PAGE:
Single Day Workflow for High-Quality Whole Genome Analysis of Thousands of Single Cells

Joe Dahl1, Jeff Blackinton1, Kyle Hukari1, Jay West1

1: Bioskryb Genomics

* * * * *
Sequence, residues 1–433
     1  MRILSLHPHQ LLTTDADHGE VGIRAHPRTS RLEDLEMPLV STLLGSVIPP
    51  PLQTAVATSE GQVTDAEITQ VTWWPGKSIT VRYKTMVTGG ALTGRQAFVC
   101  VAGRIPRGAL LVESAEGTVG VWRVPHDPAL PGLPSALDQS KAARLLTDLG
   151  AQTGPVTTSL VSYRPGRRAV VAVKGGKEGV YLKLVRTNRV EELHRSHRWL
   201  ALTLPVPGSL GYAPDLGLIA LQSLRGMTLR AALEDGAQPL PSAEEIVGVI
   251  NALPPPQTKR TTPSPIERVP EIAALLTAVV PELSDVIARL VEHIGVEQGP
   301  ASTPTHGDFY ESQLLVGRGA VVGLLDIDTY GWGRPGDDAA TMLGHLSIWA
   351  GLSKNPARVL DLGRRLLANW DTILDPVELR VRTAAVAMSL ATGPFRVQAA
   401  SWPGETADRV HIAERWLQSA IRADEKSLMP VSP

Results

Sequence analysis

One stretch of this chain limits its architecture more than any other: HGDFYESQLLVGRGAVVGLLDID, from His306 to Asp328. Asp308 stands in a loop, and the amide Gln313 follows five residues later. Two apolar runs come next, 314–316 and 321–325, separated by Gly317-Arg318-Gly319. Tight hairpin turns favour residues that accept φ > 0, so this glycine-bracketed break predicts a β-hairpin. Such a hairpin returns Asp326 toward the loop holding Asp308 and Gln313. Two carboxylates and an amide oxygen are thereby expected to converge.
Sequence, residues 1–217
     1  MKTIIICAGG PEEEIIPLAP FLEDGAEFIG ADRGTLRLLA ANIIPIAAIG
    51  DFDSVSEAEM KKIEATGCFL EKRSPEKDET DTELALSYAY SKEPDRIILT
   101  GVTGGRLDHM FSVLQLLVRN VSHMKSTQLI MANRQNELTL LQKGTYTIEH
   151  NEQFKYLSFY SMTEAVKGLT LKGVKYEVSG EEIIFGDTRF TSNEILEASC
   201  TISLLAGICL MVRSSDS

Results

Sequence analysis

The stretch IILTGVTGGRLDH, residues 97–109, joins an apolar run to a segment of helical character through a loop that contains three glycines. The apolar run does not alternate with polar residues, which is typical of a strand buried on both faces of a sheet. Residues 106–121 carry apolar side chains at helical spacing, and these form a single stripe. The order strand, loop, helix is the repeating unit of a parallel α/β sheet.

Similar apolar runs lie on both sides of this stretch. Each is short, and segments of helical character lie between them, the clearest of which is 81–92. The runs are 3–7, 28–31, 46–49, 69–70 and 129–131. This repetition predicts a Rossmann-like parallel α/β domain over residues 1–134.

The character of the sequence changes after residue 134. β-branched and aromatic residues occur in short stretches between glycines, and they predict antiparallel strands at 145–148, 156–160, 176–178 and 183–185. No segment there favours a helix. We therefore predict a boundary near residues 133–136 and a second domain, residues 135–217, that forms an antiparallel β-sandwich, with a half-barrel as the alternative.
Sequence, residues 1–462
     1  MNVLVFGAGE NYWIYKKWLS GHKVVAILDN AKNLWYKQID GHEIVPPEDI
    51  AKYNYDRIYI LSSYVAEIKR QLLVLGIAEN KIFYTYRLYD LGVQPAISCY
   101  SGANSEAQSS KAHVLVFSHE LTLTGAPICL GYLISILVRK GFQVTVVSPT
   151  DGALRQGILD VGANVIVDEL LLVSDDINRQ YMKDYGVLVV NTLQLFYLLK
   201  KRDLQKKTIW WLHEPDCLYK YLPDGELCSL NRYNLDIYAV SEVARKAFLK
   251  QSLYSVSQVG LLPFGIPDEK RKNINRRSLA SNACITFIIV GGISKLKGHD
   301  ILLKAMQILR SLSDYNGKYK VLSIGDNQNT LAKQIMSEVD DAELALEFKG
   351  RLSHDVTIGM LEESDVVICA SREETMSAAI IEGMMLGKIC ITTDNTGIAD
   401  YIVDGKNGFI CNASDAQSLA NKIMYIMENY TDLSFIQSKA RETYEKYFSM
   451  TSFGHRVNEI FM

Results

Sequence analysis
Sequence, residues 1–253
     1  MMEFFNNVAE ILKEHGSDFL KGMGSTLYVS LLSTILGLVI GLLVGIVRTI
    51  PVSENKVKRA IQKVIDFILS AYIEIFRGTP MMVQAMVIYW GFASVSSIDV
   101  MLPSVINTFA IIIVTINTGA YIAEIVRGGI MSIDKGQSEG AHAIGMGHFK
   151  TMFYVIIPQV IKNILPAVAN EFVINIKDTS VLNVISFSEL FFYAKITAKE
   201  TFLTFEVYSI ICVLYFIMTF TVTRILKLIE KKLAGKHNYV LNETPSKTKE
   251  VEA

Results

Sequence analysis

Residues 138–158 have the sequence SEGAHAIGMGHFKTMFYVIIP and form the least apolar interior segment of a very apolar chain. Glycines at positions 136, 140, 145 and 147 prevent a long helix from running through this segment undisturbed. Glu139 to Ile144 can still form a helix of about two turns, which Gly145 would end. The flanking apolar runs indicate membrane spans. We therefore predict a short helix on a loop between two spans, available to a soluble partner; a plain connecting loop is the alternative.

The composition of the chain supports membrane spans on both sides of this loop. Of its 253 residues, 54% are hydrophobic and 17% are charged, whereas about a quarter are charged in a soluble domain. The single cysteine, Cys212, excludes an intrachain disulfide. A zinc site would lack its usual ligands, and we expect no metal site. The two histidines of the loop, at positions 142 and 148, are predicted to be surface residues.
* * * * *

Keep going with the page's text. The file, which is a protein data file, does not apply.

DNA sequencing technology provides the capability to tell the story of every cell in a heterogenous sample. ResolveDNA® generates uniform coverage of >95% of a single genome, enabling researchers to generate single-cell genomic data of unparalleled quality. Here, we report an enhancement to the ResolveDNA® workflow that increases the rate of data collection; the ability to reliably generate complete genomic information from up to 1536 cells in parallel from a single experiment. To achieve this, we have coupled a high-throughput automated process to a low volume reaction using the latest ResolveDNA® 2.5-hour chemistry. This establishes the potential for users to go from a single cell, or low-input DNA sample, to ready to sequence libraries in a single day for >3000 samples. As with earlier ResolveDNA® workflows, these reactions generate negligible amounts of contaminating and off target DNA during the reaction. A typical single-cell reaction yields ~ 85 ng of DNA. The single cell’s amplified DNA product is amenable to multiple post amplification library preparation processes. We utilized both BioSkryb ResolveDNA® and Watchmaker Library Preparation kits for Illumina sequencing. We did not identify significant differences in the performance of the two products. Libraries were assessed at a depth of ~ 2million reads and determined to be of high quality, with low rates of chimeric DNA formation and less than 1% mtDNA resulting in the reaction product. A subset of samples was probed at >200 million reads, with >85% of the genome covered at 1x. Consistent with earlier ResolveDNA® workflows, the libraries were characterized with >99% precision and >80% sensitivity. The story told from a single cell’s genome drives discovery and shines a light on the questions surrounding the causes of disease and cellular function. This workflow is designed to empower researchers to probe the genomic landscape of a heterogenous tissue sample.